Hospice in End-of-Life Patients With Cancer: Does It Lead to Changes in Nonhospice Health Care Utilization After Stopping Cancer Treatment?

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Abstract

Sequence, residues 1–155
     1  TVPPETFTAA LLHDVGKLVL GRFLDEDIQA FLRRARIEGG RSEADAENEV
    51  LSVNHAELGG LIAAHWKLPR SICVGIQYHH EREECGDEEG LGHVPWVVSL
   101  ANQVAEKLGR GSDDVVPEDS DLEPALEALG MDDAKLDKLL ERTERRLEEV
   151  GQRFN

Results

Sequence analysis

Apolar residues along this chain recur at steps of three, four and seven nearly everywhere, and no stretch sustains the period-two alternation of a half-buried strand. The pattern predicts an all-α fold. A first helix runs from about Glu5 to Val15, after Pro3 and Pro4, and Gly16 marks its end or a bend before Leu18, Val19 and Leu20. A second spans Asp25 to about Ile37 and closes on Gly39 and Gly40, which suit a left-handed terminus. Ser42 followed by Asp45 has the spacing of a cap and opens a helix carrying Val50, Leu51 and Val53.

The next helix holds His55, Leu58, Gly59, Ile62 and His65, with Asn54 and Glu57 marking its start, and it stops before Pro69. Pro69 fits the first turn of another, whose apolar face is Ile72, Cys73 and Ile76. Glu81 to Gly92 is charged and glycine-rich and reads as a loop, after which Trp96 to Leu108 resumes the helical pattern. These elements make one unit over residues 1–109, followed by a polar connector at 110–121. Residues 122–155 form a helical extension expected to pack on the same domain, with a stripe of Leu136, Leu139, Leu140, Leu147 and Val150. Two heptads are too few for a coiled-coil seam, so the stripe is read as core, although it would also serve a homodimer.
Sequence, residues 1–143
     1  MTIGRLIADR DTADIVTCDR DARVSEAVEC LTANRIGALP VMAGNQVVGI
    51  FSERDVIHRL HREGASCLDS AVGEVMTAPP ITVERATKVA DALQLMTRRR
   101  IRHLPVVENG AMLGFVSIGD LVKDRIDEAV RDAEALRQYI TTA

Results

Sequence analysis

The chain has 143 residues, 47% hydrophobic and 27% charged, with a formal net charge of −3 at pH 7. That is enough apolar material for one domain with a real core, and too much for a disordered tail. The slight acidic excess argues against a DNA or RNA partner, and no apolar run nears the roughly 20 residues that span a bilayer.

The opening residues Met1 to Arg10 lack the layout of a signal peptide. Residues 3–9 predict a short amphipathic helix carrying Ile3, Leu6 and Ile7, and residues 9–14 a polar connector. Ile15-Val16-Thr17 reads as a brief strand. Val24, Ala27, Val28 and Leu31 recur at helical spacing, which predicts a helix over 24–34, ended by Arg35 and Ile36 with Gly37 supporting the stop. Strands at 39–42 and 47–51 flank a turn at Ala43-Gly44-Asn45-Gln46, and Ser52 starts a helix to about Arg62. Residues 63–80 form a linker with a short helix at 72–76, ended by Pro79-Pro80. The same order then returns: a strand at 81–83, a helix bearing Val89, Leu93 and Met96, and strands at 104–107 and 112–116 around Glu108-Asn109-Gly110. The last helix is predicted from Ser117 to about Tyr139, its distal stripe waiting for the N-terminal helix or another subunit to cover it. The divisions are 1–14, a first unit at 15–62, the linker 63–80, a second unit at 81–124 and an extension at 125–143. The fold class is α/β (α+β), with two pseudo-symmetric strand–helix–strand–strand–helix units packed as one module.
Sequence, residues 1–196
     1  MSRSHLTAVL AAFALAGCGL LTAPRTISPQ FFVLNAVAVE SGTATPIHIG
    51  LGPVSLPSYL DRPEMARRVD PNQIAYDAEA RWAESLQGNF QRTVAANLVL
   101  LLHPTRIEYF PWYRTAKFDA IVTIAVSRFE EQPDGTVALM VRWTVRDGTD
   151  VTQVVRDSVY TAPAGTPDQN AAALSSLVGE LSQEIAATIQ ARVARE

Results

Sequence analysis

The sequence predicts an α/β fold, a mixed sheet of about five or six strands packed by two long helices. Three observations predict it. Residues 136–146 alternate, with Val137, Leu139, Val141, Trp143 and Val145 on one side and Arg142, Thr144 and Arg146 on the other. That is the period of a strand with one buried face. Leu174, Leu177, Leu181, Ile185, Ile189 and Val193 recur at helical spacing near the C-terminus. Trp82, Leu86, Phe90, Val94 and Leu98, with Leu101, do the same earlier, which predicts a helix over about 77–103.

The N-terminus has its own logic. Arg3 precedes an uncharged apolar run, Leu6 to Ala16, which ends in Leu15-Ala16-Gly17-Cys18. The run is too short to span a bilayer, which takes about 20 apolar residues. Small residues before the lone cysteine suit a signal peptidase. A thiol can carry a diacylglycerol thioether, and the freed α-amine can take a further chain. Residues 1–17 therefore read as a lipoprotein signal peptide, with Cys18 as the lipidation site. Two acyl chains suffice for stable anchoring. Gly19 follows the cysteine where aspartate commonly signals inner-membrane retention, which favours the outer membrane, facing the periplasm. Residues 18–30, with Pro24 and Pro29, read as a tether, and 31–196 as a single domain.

This study assessed the patterns of nonhospice health care utilization among 207 deceased cancer patients and focused on outcomes after cancer treatment was stopped. A total of 117 (57%) were enrolled in hospice. The mean cumulative number of emergency department visits, hospitalizations, or other noncancer clinic visits (standard deviation) among those enrolled and not enrolled in hospice was 1.8 (+ 1.8) and 3.11 (+ 3.0), respectively (P < .0001). Among hospice enrollees, the mean cumulative visits (standard deviation) was 1.29 (+ 1.7) and 0.5 (+ 1.0) before and after enrollment, respectively (P < .0001). For patients who eventually enrolled, the rates of nonhospice health care visits (visits per week) yielded a trend to suggest a decline (P = .054). Hospice was associated with a drop in nonhospice-related health care utilization, thus suggesting it provides timely medical interventions and favorable continuity of care.

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